Estimated reading time: 4 minutes
Last week we pre-announced the addition of Landing Pages to Teachery. The feedback we’ve received since has been overwhelmingly positive. Knowing you’re on the right path is wonderfully affirming. This feature it looked to be relatively easy to implement as there are plenty of existing structures within Teachery to build it from and we had received permission from Paul Jarvis to use the landing page design he built for the “Finish Your Damn Book” course.
Just copy, paste, and voila! Right? Wrong!
The building of a product, whether it’s a web app or an online course, is rarely as straightforward as getting from point A to point B. What I thought would be a simple one week sprint will now take at least twice that length. This brings with it internal frustrations with not meeting expectations, but I’m also learning some important lessons along the way.
Don’t take shortcuts
Since I was building off an existing page, I thought the easiest path to integration was to take the original html and css and simply add/remove Teachery’s own css hooks as needed. This worked out okay in the beginning as I was able to quickly get a template up and running with 90% of the fidelity of the original page. That early “win” soon became a loss while building out the WYSIWYG editor for the landing pages. Small layout inconsistencies due to conflicts between the original page css and the Teachery editor css started eating up a lot of time, for little reward.
Taking a step back to reevaluate things I realized that the original page template was not that complex! I could rewrite the entire page from scratch and move over only the CSS rules I needed to preserve the page presentation in far less time than I had already devoted to fixing css conflicts.
Lesson learned? Leveraging existing work is not always the most efficient path to achieving a goal.
Slow it down
Another issue cropped up with URLs. Payment pages are the current entry point into Teachery courses and they occupy the top level URL for courses.
For example, if you have a course at mycourse.teachery.co, your “pay-me” payment page lives at mycourse.teachery.co/pay-me. Simple enough, but if you have a “check-it-out” landing page, where would you expect it to live? mycourse.teachery.co/check-it-out right? But payment pages live at that level of URL!
So what’s the first thing that pops into your mind when you’re deep into a coding session, already frustrated at yourself for making bad templating decisions earlier? “We need to move all the payment pages! This is going to disrupt ALL OUR USERS! We need to email everyone to warn them and everyone is going to hate us.” When this thought crosses your mind, go take a walk, get a bite to eat, or swing by a coffee shop, give yourself time to decompress and come back with a clear head.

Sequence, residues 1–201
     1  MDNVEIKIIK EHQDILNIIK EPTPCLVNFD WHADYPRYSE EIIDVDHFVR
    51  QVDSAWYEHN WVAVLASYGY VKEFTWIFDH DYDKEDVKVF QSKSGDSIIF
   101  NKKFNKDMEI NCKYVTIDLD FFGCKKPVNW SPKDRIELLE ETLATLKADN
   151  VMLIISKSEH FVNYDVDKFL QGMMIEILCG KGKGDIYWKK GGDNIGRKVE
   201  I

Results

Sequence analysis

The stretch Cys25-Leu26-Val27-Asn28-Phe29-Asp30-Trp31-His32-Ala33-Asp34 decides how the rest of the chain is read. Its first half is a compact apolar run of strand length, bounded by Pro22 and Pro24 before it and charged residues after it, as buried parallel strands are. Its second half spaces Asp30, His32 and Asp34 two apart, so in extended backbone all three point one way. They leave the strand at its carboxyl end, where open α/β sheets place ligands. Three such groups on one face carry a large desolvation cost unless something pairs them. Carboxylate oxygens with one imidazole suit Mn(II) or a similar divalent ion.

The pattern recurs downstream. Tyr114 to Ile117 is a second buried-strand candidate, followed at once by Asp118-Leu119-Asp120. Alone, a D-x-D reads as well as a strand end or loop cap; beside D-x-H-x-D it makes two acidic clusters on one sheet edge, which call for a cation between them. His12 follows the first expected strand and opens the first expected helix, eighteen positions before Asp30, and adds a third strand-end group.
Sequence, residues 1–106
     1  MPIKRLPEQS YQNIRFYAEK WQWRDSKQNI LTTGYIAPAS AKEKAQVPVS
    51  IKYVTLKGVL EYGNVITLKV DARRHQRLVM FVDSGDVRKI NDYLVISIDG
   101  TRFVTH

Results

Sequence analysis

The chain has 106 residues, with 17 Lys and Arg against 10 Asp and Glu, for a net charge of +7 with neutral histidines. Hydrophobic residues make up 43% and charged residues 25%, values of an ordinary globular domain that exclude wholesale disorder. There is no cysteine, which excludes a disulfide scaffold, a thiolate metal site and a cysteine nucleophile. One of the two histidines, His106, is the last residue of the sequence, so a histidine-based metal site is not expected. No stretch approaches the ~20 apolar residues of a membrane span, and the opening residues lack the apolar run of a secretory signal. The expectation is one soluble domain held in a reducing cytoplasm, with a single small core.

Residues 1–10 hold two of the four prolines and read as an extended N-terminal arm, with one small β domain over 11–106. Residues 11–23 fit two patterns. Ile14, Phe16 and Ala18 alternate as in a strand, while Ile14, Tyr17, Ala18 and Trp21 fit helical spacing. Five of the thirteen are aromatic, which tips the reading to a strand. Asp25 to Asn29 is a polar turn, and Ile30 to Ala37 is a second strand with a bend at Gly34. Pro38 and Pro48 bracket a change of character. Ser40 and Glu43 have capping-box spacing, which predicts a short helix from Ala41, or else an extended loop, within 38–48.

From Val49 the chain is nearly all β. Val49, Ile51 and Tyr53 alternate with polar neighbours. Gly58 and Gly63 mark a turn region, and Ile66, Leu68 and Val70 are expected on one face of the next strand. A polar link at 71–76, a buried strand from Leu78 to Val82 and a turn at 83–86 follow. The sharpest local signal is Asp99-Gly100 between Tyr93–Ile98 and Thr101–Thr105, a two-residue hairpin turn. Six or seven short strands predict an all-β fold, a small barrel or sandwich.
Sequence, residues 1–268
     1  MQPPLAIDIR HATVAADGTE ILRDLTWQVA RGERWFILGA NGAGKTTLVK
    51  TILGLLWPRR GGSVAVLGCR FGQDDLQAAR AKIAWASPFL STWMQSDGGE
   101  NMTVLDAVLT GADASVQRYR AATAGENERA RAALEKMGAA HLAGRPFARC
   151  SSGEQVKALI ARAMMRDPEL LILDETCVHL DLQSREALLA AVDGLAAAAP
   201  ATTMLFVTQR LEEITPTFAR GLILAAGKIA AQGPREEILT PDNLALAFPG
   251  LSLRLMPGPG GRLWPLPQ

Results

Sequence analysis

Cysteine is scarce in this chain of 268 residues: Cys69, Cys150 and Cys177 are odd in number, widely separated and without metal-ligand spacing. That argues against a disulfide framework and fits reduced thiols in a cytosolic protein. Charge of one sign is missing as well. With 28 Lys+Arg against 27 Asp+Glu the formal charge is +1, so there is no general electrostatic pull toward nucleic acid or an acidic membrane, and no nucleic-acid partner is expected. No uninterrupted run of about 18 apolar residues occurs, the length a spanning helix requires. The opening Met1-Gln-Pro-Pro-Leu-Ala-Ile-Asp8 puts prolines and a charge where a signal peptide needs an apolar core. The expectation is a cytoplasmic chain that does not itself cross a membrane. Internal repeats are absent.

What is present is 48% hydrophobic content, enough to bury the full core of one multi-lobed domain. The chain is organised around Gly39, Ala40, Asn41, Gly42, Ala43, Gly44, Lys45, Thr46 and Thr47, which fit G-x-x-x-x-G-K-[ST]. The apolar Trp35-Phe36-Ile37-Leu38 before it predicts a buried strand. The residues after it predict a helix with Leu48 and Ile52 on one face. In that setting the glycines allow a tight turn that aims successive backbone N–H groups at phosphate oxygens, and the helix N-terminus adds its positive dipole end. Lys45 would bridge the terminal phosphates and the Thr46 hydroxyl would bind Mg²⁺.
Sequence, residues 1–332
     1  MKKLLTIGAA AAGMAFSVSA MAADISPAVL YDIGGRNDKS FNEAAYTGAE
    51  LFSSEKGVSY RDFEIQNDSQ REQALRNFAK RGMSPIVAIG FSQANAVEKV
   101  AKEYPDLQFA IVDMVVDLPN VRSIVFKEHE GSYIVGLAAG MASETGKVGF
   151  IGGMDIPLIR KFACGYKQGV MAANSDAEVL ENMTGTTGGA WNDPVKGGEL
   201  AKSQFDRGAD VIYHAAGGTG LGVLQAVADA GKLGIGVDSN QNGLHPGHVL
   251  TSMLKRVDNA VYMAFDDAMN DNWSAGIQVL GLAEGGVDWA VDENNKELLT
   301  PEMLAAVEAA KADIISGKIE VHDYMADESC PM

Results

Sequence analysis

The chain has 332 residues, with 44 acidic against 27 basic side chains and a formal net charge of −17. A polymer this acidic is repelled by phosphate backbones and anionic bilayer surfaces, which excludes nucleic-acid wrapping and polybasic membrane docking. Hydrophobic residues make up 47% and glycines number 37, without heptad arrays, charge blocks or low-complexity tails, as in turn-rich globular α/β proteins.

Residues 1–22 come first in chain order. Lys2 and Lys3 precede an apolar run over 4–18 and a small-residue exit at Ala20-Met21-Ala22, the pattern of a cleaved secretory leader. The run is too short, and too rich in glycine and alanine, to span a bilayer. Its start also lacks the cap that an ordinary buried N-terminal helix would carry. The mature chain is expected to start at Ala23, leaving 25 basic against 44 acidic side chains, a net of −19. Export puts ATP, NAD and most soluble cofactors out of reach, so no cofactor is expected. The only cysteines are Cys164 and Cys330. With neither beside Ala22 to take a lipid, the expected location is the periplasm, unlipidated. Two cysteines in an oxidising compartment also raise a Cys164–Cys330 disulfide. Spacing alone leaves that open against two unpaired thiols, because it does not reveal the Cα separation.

Coming back with a clear head made the path forward obvious. Make Teachery aware of different page types and have it route them accordingly.
Lesson learned? Working with a clear head is when you do your best work. Take a breather, it’s not a waste of time, it’s time well spent.
Set realistic expectations
Since I made the assumption that landing pages would be similar to existing features within Teachery, I vastly underestimated the time it would take to build. This lead to me being overly optimistic when beginning the work, and quickly demoralized as I failed to meet the velocity I expected to achieve.
Instead of stopping to realize my estimates were off, I pushed myself harder to make up for lost time. The worst part is that this emotional roller coaster was entirely self-inflicted as there were no external factors pushing me to hit a hard date. (Jason does nudge me in Slack for updates, but all of our deadlines are self-imposed so there’s no real pressure.)
Lesson learned? Be ambitious, but realistic, and don’t beat yourself up when things don’t go according to plan.
Write it down
When I set out to write this post I didn’t think I could do it. My head was in cloud of fog and I reached out to Jason telling him we wouldn’t have a post this week. He encouraged me to write about the struggles I’ve been having. It sounded horrible at the time, but I agreed to do it anyway. And you know what? It’s made me feel a lot better.
Even in difficult times there are lessons to be learned. Writing is a great way to force some reflection and to get the thoughts swirling in your head aligned so they start to make sense again.
Lesson Learned? Reflect, learn, share 🙂
So now that you know what it’s like for me to develop Teachery, what are your experiences building a product or business. I’d love to hear from you @gpxl or email@example.com.